September 13, 2016 by Speakers' Spotlight
Should You Get Involved?
Liane Davey creates powerful changes in top teams. The bestselling author of You First: Inspire Your Team to Grow Up, Get Along, and Get Stuff Done, Liane’s mission is to radically transform the way people communicate, connect, and contribute, so they can achieve amazing things together. In a recent blog post, Davey answers a question that many of us have come across before: “Should I get involved?”
During the question and answer section of a speech I gave last week, someone posed a question that I think is top of mind for many people: if two of my teammates are fighting, should I get involved? How would you answer?
Do you subscribe to the “none of my business” approach and butt out if the dispute has nothing to do with you? I can see where that logic comes from. Unfortunately, I also see where it leads to.
When two people are embroiled in a dispute, they lose their objectivity and become emotionally involved. That makes it very difficult to see a path to resolution. They are probably on a downward spiral. You, on the other hand, have safe distance from the issue and are in a great position to get things back on a positive trajectory.
This is particularly true if the fight is lopsided and one person is the aggressor and the other is the victim. Most think that bullying is simply about the strong exerting power over the weak, but bullying is a social dynamic where the bully seeks status in the eyes of those watching. In the majority of cases, if a witness tells the bully to stop, the incident ends almost immediately.
Now imagine you’re sitting in a team meeting. The notorious bully on your team starts going after someone. He lashes out, running through a litany of reasons why the target of the attack is to blame. The victim is overwhelmed and can’t muster a cogent argument to counter the bully. You, and everyone else in the room, just watch squeamishly as the lopsided debate devolves into an all-out attack.
Who, in this scenario, has the most power to stop the unhealthy exchange? It’s not the bully. Although you’d hope that the bully would have the self-awareness and self-control to pull back, it’s highly unlikely. What about the victim, can’t he just stick up for himself? I doubt it. The victim is probably feeling embarrassed, angry, and tongue-tied. And frankly, attempts by the victim to defend himself will only escalate the conflict because the bully can’t be seen to be outdone.
It’s not the bully who is motivated to stop the fight. And it’s not the victim who has got the wherewithal. You’re the one with the power. You aren’t seeing red like the bully. You aren’t on your back foot like the victim. You’re in a great position to completely change the dynamic.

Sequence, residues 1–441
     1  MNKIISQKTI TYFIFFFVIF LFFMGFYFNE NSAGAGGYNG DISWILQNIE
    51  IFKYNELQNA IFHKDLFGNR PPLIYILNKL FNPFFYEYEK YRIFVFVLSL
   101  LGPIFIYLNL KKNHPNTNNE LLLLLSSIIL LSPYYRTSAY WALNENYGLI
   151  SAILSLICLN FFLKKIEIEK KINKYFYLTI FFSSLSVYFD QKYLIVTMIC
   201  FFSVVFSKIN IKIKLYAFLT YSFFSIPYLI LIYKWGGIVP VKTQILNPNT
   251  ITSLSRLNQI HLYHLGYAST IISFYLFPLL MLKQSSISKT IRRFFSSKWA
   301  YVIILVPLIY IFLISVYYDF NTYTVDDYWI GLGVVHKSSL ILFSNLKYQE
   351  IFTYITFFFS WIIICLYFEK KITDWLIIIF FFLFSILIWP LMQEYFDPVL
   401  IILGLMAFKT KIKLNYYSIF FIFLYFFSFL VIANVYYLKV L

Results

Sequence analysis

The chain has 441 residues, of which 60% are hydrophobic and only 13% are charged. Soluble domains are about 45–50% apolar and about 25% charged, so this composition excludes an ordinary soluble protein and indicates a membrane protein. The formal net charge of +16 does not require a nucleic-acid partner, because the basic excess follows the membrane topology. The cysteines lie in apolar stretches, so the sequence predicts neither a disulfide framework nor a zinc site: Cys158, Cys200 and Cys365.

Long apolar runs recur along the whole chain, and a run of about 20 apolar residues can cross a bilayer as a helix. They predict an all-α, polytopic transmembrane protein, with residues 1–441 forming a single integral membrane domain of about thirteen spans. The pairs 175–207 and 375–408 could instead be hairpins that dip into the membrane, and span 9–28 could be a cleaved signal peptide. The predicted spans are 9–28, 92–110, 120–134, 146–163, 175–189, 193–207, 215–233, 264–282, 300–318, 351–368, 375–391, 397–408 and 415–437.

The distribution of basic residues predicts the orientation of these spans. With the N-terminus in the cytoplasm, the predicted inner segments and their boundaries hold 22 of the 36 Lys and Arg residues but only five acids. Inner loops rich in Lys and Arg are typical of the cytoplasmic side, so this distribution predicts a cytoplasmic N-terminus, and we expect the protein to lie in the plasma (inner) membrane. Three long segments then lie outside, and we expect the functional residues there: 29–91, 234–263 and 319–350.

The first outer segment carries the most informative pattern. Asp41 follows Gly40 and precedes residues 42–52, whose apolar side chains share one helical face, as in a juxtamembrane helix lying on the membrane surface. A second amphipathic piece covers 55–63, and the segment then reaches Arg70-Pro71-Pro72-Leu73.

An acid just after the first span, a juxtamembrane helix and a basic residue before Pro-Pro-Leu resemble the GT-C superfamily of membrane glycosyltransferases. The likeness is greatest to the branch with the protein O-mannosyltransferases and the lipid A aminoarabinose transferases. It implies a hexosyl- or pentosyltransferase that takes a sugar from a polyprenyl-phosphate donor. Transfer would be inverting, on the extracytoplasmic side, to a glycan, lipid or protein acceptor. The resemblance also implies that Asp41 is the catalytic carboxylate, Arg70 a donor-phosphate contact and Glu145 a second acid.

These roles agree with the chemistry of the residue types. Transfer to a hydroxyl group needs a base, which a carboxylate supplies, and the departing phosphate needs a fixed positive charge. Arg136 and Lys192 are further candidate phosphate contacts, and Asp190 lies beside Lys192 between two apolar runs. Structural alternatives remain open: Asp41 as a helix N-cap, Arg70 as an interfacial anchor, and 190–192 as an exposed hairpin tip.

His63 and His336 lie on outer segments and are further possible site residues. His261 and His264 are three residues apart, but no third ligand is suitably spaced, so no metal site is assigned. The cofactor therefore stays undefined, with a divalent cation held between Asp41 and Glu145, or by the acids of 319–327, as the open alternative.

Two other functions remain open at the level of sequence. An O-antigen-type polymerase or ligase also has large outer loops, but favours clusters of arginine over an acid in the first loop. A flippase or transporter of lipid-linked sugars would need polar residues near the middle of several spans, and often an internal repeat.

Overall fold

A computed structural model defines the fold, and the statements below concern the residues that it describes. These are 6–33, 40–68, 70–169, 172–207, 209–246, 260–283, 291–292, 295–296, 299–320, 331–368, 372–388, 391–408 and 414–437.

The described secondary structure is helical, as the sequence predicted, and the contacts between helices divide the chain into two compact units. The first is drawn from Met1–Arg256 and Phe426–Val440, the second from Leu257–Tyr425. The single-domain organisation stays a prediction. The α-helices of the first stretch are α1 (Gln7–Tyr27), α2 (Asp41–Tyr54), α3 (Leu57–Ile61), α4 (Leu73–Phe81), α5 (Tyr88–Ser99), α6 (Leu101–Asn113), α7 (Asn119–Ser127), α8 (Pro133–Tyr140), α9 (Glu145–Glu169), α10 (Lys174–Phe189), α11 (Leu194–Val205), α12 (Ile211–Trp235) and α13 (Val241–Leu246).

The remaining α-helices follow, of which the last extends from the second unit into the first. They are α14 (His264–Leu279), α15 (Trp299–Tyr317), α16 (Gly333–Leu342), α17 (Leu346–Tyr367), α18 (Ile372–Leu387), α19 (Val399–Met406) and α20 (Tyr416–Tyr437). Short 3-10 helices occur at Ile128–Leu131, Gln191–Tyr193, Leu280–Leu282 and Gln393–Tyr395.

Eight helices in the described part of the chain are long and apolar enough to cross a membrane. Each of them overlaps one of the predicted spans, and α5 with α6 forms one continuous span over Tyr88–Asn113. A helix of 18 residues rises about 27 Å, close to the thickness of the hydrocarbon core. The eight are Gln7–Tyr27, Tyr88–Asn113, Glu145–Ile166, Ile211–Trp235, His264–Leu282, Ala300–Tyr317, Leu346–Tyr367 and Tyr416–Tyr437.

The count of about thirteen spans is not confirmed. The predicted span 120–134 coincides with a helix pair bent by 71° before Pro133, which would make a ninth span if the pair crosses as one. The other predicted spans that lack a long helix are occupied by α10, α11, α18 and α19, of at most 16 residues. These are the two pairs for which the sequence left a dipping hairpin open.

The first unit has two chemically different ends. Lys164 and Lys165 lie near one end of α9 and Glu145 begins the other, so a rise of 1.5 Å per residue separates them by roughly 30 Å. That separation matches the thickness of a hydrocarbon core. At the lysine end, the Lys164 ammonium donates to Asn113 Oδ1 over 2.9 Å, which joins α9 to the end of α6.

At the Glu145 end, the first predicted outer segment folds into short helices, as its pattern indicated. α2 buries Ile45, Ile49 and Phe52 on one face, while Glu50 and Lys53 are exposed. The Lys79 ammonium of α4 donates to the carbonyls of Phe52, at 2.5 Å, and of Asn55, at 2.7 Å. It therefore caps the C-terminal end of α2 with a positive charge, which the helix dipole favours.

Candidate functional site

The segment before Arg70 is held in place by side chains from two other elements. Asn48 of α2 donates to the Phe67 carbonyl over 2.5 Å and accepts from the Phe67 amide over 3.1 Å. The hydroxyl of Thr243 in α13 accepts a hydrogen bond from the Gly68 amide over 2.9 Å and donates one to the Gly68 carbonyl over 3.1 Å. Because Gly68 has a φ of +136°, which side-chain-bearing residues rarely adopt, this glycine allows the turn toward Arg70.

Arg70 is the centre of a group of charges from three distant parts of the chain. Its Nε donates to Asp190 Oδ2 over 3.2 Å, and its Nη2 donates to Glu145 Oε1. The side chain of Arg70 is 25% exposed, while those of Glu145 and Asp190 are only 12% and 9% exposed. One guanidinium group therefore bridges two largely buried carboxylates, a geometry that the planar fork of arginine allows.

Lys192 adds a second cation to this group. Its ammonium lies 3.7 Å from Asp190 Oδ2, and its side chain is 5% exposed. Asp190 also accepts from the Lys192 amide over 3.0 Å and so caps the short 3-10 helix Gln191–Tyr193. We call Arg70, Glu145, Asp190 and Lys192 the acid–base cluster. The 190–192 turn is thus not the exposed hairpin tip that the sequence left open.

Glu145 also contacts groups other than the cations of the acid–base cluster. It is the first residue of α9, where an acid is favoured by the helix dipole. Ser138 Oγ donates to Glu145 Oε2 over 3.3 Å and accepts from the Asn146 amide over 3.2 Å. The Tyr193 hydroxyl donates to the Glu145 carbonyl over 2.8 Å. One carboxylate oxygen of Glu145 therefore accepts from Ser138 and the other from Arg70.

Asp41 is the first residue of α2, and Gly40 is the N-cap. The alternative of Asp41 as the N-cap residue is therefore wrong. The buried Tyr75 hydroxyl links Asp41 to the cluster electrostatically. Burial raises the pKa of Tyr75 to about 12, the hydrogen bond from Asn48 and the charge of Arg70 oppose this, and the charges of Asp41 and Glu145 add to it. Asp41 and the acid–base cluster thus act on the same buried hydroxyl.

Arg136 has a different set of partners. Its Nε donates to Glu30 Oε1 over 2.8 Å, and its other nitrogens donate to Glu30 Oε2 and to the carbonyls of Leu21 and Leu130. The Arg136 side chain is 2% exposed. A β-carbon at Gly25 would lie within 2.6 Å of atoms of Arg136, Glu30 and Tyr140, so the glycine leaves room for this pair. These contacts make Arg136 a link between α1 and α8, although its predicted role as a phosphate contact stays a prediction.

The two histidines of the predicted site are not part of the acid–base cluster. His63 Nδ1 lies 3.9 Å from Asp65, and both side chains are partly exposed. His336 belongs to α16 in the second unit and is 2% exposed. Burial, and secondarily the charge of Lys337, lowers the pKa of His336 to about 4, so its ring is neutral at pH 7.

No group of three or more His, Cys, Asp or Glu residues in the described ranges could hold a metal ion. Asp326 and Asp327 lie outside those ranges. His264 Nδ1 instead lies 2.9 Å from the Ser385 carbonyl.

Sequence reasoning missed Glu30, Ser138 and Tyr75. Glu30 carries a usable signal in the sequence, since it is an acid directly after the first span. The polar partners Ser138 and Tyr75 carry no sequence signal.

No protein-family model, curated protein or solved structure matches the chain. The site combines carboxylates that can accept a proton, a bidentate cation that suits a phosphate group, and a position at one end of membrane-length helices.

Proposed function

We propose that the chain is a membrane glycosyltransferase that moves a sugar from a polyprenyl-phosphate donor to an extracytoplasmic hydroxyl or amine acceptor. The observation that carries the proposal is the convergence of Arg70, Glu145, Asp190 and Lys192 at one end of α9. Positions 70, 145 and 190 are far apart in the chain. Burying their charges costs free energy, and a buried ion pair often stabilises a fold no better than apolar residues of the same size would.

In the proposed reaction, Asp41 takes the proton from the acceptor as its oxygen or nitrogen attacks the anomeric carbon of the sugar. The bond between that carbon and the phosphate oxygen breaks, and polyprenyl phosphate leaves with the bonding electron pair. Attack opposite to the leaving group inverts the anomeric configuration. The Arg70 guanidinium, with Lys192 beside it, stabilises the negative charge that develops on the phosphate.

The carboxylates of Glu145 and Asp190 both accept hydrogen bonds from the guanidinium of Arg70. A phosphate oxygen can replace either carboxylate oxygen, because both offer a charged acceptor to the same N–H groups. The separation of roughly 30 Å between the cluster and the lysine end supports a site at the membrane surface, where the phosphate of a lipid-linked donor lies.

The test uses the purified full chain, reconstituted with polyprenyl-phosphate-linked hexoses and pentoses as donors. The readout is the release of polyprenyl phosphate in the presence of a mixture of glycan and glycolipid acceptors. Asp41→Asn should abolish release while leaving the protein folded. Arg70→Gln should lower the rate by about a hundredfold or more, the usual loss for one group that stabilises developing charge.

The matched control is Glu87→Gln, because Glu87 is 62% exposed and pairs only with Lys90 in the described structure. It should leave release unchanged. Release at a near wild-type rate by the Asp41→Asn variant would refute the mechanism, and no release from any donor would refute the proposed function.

Use an escalating approach starting with relatively innocuous statements and dial it up if you need to.
Call out the behavior
Ideally, just holding up a mirror to the bad behavior will start to move it in the right direction. Be as objective as you can be and avoid passing judgment at first. See if this changes the nature of the debate.
“Sam, you are yelling.”
“Sam, Frank hasn’t had an opportunity to respond to your concerns.”
“Frank, you haven’t shared your version of the events.”
Steer with questions
If you need to go a little further to get the conversation back on track, try using questions. That will pull the aggressor out of attack mode and cause him to reflect. Reflection counteracts aggression. For the victim, it will provide a lifeline by helping him figure out constructive ways to move the discussion along.
“Sam, what do you think is missing from the plan?”
“What would a good solution need to include?”
“What are you worried about if we go ahead with this approach?”
“Frank, how does the plan address Sam’s concerns?”
“What else could be done to reflect what Sam is saying?”
Voice your displeasure
If your attempts to improve the tone of the conversation aren’t working, you might need to stop being suggestive and start being assertive. If you’re not the team leader, you are probably safer speaking for yourself rather than trying to lay down the law.
“The intensity of this discussion is not helping us resolve the issue. Can we take a breath and start again?”
“We all want to figure this out but no one can get a word in edgewise. Can we each weigh in on how we’re thinking about this?”
“This is an issue for the whole team, it’s not just Frank’s responsibility. We all need to be working this out.”
So, should you get involved when two of your teammates are locked in an unproductive conflict—yes! That doesn’t mean you need to immediately jump in the middle and start refereeing. But it does mean that you are just as accountable for the quality of your team dynamic as the two people engaged in the argument. Because you’re not wrapped up in the argument, because your brain is still in thinking mode, you are in the perfect position to get the conversation back on track.